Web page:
The NASW Foundation and NASW are proud to celebrate Black History Month and honor the rich history of black social workers. Celebrate with us!
NASW Honors Black History Month video: NASW takes a look at the rich tapestry of achievement by black social work pioneers.
NASW Social Work Pioneers®:
- Ida B. Wells,
- Dr. James Russell Dumpson,
- Dr. George Edmund Haynes,
- Dr. Dorothy Irene Height
- Dr. Bernice Catherine Harper,
- Dr. Whitney Moore Young, Jr.
- and there are so many others deserving of recognition.
NASW Social Work Pioneer Dr. Bernice Catherine Harper video:
Dr. Harper is a hospice care innovator who was a medical care advisor at the Department of Health, Education and Welfare, now known as the Department of Health Education and Welfare. Hear from Dr. Harper, herself, about her incredible story, a lifetime of breaking barriers.
The NASW Foundation’s Verne LaMarr Lyons Memorial Scholarship, is awarded to MSW candidates who demonstrate an interest in or have experience with health/mental health practice and have a commitment to working in African American communities. Previous recipients now work in hospitals, medical clinics, and social services agencies that provide treatment and specialized services to African American clients and others have gone into broader leadership services.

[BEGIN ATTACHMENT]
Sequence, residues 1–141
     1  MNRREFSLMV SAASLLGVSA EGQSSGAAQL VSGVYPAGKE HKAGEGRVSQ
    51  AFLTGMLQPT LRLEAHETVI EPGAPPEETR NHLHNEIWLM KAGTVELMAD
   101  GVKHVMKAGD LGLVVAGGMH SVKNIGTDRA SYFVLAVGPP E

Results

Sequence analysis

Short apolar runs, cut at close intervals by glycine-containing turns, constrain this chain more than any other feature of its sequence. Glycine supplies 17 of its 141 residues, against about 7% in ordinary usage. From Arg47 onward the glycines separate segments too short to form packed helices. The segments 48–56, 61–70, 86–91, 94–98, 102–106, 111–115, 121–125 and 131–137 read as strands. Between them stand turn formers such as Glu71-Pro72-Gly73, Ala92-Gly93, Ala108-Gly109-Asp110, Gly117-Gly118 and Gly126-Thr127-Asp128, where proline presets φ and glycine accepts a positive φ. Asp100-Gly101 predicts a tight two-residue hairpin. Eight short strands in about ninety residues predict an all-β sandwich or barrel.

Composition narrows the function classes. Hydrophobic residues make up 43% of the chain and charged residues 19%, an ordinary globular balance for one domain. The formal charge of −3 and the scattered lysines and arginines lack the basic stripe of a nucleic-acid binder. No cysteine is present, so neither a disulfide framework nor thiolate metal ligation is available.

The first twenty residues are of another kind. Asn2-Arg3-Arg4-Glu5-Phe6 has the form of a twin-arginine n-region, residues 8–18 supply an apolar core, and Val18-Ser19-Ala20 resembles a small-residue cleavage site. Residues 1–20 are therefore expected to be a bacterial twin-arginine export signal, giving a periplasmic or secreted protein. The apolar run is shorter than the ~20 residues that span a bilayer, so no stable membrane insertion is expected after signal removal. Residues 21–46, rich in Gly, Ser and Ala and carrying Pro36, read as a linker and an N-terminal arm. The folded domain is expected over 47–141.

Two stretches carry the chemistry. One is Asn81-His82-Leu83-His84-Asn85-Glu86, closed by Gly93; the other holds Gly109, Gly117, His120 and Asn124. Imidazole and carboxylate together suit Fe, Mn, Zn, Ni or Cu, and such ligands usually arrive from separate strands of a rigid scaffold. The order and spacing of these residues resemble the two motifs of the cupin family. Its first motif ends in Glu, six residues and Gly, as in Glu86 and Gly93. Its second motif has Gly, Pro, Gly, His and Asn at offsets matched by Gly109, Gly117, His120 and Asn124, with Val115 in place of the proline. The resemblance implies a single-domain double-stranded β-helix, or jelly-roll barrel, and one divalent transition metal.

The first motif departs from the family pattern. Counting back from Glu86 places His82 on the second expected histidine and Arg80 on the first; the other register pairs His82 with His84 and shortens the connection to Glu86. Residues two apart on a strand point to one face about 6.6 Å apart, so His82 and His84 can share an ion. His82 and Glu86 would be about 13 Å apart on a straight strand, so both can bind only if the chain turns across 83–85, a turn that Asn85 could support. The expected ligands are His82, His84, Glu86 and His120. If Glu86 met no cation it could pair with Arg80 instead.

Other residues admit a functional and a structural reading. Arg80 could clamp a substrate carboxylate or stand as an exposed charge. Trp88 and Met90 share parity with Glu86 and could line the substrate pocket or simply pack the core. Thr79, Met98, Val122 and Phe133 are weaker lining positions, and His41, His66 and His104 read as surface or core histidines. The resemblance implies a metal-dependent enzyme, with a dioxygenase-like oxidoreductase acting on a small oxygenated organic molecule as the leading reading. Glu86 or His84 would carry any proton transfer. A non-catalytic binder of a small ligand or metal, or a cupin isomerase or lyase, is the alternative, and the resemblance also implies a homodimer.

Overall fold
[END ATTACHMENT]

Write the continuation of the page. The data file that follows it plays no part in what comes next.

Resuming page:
The scholarship program is a memorial to Verne LaMarr Lyons, a social worker and NASW national staff member who died in 1989, while waiting for a heart transplant. Lyons committed his life to increasing awareness of pernicious health concerns affecting African Americans such as insufficient prenatal care, infant mortality, AIDS, cirrhosis, and general life expectancy.